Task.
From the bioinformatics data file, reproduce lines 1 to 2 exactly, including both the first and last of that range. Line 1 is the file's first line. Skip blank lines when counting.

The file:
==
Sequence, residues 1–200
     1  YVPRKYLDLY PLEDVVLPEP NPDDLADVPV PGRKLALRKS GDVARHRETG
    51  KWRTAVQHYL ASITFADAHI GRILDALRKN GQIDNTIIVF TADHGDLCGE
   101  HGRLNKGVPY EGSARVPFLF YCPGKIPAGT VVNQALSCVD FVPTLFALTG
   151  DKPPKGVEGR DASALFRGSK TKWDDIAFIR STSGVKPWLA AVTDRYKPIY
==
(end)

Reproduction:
Sequence, residues 1–200
     1  YVPRKYLDLY PLEDVVLPEP NPDDLADVPV PGRKLALRKS GDVARHRETG